The classification and execution of procurement are lightyears removed from how they were conceptualized a generation ago. It was in the not-so-distant past that procurement tasks were routinely performed within departments that were not even branded as “procurement,” and in some cases, each department within an organization might have been responsible for brainstorming and executing its own purchasing decisions.
Ultimately, the digitalization of business led to an increase in interdepartmental transparency and created an opportunity for departments to strategically align themselves with procurement. This was only the first in a progressive series of developments that have elevated procurement to a technological art form, and an integral component of an organization’s strategy for resource control.
This gave rise to circumstances where every element of procurement was being viewed through a strategic lens by the middle of the last decade. Internal analyses, needs assessments, and plan implementation became standard check-off boxes on the agendas of employees who began their careers simply hoping to locate and purchase the essential items their companies required.
Moreover, the benefits of cyclically evaluating each of an organization’s departments through the lens of procurement, and then reversing the procedure to evaluate procurement processes from the standpoint of each department, have become so obvious that there are customized strategic procurement methods in place that are designed to fulfill the needs of any institution, even if it’s a public utility company.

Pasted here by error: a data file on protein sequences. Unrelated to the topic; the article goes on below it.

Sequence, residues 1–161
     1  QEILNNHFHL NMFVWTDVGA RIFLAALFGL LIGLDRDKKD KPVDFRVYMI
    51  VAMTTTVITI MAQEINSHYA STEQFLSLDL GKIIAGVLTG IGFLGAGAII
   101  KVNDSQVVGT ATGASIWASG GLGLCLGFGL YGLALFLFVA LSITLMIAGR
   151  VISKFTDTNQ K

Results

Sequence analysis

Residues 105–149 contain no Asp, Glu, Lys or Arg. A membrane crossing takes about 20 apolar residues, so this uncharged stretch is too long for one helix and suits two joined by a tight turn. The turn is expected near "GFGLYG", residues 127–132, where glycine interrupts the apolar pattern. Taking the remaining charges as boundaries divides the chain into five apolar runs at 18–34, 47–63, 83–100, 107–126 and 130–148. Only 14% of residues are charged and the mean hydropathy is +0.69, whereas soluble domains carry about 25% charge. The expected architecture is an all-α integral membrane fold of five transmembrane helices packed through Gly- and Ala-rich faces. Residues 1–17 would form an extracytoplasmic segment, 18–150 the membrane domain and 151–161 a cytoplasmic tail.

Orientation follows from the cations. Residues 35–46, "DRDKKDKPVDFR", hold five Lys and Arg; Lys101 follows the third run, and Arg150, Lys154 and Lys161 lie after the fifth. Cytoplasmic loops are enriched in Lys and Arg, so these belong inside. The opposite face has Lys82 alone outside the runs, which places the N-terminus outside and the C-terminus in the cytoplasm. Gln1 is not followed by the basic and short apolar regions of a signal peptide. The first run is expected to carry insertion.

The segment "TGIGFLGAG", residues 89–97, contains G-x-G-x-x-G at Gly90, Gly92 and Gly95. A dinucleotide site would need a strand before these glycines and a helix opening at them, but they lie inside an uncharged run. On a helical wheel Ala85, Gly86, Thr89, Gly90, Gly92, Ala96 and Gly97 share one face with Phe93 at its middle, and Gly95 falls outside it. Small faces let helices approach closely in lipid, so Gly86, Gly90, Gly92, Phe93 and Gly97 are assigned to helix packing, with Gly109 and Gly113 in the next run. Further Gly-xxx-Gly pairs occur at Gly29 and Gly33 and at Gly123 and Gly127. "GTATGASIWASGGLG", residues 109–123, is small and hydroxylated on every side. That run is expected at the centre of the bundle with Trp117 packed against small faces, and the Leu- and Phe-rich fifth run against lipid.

As early as 2006, the Harvard Business Review was promoting the concept of procurement as a strategy. They drew attention to “procurement coups,” like Adidas’ development of a flexible supply chain capable of delivering near-instantaneous jersey deliveries to the fans of European championship football teams at very low risk, and how such coups were “helping to elevate supply management from an operational function to an integral part of company strategy.”
This reflected a three-year shift beginning shortly after the turn of the century, where procurement leaders were being asked to perform new duties, including shortening cycle times, taking the lead in product innovation, enhancing the quality of products, improving business outcomes, and occasionally generating incremental revenue through closer collaboration with sales teams.
“Fifteen, maybe twenty years ago was the first wave,” says Greg Tennyson, Head of Global Corporate Services at VSP Global, the largest vision insurance company in the U.S. “And it started with enabling the business to create a digital requisition—as opposed to one on a piece of paper. Five to 10 years ago [the biggest development] was in spend analytics. More recently, it’s been the robotic process automation (RPA), artificial intelligence, machine learning, where the system is doing a lot of the heavy lifting and providing actionable insights to the talent.”